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Progressive Revival

As it happens, I am a huge and consistent supporter of President Barack Obama and his agenda.  I’ve spent a lot of time explaining and defending his approach to “bipartisanship,” which doesn’t have many friends, left or right, these days.  And moreover, I was originally attracted to him as a presidential candidate in no small part because of his remarkably nuanced understanding of the connection between politics and religion.   

Having said all that, I’m concerned about his recent establishment of an Office of Faith-Based and Neighborhood Partnerships in the White House. 

Most politically active religious progressives, I would surmise, feel very differently about this development, viewing it as an important beachhead for their point of view in the nerve center of American government, and an improvement over Bush’s conservative-evangelical-dominated Faith-Based office.  After all, Obama’s God Squad will be led by his former campaign’s religious outreach director, the progressive evangelical Joshua Dubois, and will undoubtedly enlist a variety of other religious Democrats, particularly from the “Come Let Us Reason Together” (CLURT) religious coalition put together by the Democratic organization Third Way.  

But this Office will inevitably be run by a select, and to some extent self-selected, group of religio-political activists, not the full range of America’s faith communities.  And for that very reason, it will constitute an inescapably political organization representing a putative constituency group with narrow and sometimes factional aims.  Here’s how The American Prospect‘s Sarah Posner explains the problem:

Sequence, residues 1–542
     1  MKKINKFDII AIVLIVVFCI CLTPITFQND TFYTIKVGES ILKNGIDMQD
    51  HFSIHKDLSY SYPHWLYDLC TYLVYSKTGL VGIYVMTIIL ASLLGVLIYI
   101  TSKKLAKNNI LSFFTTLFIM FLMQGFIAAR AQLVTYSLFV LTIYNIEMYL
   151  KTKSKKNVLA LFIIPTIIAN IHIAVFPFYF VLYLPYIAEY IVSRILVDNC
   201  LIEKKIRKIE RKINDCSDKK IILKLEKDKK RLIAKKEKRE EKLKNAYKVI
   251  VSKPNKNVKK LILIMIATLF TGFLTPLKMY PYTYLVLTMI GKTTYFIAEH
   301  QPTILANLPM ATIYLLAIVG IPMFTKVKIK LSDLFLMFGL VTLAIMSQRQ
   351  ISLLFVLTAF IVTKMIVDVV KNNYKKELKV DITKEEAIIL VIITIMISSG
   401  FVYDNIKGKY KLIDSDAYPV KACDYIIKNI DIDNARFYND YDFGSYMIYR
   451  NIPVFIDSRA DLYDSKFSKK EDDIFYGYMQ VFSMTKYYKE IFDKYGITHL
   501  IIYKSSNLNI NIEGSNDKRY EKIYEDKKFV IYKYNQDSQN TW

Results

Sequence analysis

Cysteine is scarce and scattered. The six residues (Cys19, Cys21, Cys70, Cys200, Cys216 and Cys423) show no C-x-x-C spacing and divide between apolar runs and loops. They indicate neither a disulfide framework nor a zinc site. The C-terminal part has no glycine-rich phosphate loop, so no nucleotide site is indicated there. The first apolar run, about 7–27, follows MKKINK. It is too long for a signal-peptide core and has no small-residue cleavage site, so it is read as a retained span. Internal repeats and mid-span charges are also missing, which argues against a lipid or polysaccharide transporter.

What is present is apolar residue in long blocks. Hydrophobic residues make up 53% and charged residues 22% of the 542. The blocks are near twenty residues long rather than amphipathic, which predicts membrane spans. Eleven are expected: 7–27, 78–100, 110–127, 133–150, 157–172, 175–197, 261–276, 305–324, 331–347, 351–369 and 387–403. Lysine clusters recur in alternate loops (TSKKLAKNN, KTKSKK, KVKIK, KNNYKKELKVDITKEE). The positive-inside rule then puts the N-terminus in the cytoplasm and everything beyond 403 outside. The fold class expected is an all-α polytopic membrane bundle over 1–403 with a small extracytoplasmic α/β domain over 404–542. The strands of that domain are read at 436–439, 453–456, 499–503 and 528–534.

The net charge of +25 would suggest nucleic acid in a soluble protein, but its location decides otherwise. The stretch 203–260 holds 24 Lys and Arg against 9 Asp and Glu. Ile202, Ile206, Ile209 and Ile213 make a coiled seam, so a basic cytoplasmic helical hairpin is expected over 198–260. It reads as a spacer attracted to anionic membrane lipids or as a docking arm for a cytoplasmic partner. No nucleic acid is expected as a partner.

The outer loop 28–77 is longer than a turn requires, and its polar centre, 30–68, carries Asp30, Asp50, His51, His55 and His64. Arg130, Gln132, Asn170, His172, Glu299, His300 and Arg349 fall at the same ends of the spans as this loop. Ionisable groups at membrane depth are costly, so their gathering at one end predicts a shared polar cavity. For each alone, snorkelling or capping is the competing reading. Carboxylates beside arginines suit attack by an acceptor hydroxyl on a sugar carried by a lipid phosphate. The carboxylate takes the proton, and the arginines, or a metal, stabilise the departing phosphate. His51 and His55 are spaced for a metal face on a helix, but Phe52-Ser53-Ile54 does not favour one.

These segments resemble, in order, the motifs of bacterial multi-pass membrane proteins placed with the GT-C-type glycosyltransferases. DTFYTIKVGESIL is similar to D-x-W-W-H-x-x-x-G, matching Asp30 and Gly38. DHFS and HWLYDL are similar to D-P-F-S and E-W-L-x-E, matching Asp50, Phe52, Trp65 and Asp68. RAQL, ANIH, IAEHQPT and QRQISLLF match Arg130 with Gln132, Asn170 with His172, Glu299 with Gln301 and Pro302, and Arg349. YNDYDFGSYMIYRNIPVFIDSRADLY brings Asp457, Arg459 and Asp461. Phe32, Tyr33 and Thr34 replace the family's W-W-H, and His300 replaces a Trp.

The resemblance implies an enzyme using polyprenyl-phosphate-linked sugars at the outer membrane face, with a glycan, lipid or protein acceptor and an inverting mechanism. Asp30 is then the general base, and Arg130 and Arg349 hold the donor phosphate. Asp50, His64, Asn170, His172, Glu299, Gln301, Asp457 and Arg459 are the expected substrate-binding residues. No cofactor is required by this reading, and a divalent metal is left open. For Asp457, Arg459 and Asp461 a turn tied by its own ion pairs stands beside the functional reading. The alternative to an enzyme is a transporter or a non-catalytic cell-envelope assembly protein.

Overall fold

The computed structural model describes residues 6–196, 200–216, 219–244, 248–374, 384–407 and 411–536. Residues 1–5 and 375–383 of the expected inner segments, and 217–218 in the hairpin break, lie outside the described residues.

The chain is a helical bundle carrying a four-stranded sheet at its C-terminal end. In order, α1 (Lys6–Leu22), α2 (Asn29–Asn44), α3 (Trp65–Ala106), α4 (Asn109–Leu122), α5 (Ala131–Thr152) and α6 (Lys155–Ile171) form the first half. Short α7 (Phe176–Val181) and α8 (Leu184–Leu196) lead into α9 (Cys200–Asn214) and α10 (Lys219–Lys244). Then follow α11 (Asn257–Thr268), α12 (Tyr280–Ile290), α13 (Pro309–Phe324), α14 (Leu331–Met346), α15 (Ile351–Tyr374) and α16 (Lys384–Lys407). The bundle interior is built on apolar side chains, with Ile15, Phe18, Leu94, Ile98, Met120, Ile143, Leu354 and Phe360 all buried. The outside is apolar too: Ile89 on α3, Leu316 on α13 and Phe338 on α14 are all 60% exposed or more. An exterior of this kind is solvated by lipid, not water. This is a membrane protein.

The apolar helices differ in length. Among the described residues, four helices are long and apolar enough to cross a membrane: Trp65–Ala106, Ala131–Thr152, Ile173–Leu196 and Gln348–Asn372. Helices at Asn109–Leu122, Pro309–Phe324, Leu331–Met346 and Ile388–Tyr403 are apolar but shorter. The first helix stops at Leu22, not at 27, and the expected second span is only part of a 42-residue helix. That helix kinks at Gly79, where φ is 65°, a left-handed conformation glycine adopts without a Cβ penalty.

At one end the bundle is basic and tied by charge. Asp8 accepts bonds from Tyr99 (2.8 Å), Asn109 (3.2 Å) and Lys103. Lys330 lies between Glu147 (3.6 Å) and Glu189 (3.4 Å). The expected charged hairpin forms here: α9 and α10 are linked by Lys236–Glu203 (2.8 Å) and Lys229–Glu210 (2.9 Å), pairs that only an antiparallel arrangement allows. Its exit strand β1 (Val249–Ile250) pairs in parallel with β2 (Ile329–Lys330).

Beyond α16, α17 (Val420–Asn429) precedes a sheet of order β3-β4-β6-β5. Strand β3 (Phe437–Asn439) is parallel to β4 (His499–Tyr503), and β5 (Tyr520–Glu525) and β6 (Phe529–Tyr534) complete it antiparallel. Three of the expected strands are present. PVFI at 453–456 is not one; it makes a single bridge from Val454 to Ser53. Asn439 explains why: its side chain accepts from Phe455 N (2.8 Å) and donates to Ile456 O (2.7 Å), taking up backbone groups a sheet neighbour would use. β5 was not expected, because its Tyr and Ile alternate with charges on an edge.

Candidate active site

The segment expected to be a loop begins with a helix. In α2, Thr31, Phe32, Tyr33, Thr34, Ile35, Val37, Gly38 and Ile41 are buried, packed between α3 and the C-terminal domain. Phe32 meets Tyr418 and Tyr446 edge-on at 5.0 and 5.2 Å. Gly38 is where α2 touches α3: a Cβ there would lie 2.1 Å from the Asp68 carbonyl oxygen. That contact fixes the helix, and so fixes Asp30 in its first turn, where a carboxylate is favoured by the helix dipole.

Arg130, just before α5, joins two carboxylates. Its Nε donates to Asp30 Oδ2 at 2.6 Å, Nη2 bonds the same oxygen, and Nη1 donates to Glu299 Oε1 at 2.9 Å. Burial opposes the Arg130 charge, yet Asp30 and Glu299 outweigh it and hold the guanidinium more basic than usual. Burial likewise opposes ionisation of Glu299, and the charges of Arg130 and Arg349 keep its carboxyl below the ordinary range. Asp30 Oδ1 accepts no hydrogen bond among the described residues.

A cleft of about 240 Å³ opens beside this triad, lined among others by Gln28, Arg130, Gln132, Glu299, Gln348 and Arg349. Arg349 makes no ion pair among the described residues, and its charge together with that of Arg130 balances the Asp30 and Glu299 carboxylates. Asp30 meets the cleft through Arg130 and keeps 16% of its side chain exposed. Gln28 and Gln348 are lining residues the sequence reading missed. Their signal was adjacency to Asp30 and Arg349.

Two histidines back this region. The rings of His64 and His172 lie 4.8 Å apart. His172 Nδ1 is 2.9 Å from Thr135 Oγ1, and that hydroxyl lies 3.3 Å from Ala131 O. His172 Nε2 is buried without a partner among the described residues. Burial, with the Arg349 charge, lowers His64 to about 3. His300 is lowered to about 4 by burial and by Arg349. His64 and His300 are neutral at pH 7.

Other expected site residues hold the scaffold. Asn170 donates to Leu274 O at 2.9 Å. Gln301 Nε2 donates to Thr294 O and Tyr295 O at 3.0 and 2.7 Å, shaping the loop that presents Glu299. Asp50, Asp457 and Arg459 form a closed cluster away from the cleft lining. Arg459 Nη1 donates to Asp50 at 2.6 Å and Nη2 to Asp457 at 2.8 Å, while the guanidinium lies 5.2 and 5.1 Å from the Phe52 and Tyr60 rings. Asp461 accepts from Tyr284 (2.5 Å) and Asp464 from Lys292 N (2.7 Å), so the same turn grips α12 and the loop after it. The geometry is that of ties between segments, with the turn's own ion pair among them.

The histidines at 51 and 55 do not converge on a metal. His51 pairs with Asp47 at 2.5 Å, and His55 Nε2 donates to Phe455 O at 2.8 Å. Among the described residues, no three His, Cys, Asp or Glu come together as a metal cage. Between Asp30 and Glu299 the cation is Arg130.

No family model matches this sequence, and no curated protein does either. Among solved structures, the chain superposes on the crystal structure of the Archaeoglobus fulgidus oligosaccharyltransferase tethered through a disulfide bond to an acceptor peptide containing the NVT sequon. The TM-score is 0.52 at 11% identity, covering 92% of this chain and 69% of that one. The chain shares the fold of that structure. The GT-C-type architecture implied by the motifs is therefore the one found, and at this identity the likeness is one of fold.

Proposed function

Bush’s Office of Faith-Based and Community Initiatives was nothing more than a 2004 re-election tool, and Obama, instead of depoliticizing the office, has made it even more political. His campaign’s religious outreach director, Joshua DuBois, is now in charge of the office and is leading the council whose members he got to know in his political role. His job in the campaign was to reach out to religious leaders and constituencies for their vote; now he will be partnering with them on policy questions and federal grants to their organizations, as well as deciding which cases of employment discrimination should be subject to legal scrutiny. DuBois will have to work hard to demonstrate that he’s not rewarding anyone for getting out the vote, giving them a pass on the constitutional questions, or using the office as a re-election tool as Bush did.

I have a more fundamental concern than Posner’s. Maintaning a White House “faith-based” group makes people of faith just another constituency group represented by political commissars who will compete with other constituency-group commissars for influence over administration policies. It puts “God in a box,” as though believers have a different point of view than that of Americans generally concerned with achieving peace, justice, or public morality.  Since a significant majority of our citizens are in fact believers to one extent or another, this marginalizes people of faith, much as the habitual isolation of feminists in a “Women’s Issues” identity-group ghetto marginalizes the majority of Americans who are women. 

If a Faith-Based Office was focused strictly on church-state issues that directly involved and sought to resolve religious-secular conflicts, it could and would be very helpful in that limited realm.  But it shows every sign of seeking to become a plenary advocate for people of faith on a range of issues from abortion to poverty to climate change.  As such, it can’t possibly represent its constituency, and may well sell it short, even as it poses troubling questions about the proper role of religious organizations in the liberal American tradition that has been so beneficial to religious freedom, growth and diversity.   

I’d encourage President Obama to in turn encourage people of faith to engage with his administration, cheek by jowl with each other and with nonbelievers, on the broad front of public policy.  We don’t need our own little public policy bureaucracy, staffed by “representatives” who may be significantly compromised by their inclusion in the charmed circle of insiders, at the expense of their vocation to witness fully for the faith. That’s the dreadful mistake that so many self-appointed Christian Leaders made during the Bush Era.  In that respect, as in many others, some real change is in order.   

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